The authors acknowledged the limitations in the evidence base and their conclusions were suitably cautious. One author declared funding from Astra Zeneca, Roche and Pfizer.

Implications of the review for practice and research

Practice: The authors did not state any implications for practice.

Research: The authors stated that high methodological quality trials of adequate size and duration (at least six months) were needed. A standardised adherence outcome measure was needed. Medication-adherence packaging should be combined with other adherence interventions, such as education and behaviour. Components of the most effective adherence strategies can be assessed in factorial studies. Morbidity endpoints and health economics should be assessed. The effects of different dosing schedules and numbers of calendar packaged daily medications needed exploration.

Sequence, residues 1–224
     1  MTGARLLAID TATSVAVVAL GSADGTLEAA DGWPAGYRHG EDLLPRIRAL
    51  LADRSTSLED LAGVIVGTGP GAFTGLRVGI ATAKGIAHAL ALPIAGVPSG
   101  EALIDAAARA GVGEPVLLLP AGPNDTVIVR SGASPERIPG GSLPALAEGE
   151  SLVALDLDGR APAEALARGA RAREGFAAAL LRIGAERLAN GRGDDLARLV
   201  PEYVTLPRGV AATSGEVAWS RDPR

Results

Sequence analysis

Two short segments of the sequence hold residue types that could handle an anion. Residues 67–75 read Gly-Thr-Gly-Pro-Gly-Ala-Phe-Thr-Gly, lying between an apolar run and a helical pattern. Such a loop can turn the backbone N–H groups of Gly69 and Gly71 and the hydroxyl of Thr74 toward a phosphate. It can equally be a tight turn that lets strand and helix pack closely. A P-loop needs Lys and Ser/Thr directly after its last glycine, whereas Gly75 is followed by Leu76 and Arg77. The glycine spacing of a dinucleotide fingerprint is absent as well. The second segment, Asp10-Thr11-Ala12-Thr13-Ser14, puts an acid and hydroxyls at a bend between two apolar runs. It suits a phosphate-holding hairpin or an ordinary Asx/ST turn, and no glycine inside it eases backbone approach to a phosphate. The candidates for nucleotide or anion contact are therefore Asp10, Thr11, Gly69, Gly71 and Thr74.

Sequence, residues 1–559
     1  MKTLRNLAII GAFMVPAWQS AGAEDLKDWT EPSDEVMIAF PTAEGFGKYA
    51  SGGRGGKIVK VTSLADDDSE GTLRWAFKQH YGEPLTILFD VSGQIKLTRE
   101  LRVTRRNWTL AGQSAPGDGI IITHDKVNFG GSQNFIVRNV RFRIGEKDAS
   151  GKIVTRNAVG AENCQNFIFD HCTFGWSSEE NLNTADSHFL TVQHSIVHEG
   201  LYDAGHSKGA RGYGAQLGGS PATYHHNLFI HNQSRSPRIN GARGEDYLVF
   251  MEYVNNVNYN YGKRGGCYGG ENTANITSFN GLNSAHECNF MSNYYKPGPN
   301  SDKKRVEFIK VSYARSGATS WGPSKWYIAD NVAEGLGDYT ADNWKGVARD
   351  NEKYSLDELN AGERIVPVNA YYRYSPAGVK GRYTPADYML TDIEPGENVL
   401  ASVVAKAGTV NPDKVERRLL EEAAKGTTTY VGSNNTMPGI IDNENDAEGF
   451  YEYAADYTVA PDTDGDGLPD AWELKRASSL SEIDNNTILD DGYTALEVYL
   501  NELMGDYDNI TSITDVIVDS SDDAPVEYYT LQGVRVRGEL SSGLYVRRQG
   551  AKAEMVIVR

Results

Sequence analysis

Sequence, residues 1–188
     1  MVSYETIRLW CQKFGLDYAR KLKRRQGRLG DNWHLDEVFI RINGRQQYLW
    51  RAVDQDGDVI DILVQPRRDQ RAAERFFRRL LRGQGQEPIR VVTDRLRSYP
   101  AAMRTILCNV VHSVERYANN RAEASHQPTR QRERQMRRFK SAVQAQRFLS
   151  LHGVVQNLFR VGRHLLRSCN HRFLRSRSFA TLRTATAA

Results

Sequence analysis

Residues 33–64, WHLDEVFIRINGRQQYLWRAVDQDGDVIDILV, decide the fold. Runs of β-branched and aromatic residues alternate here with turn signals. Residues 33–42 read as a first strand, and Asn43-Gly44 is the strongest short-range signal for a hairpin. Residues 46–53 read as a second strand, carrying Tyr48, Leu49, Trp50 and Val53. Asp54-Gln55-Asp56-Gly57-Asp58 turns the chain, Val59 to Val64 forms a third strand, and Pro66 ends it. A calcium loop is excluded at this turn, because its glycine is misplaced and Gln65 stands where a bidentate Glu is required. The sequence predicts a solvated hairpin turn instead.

Funding

MWV Healthcare.

Bibliographic details

Zedler BK, Kakad P, Colilla S, Murrelle L, Shah NR. Does packaging with a calendar feature improve adherence to self-administered medication for long-term use? A systematic review Clinical Therapeutics 2011; 33(1): 62-73. [PubMed: 21397775]

Indexing Status

Subject indexing assigned by NLM

MeSH

Adult; Drug Packaging; Humans; Medication Adherence /statistics & numerical data; Pharmaceutical Preparations /administration & dosage; Randomized Controlled Trials as Topic; Reminder Systems; Self Administration; Time Factors

AccessionNumber

12011002213

Database entry date

15/02/2012

Record Status

This is a critical abstract of a systematic review that meets the criteria for inclusion on DARE. Each critical abstract contains a brief summary of the review methods, results and conclusions followed by a detailed critical assessment on the reliability of the review and the conclusions drawn.

CRD has determined that this article meets the DARE scientific quality criteria for a systematic review.

Copyright © 2014 University of York.

PMID: 21397775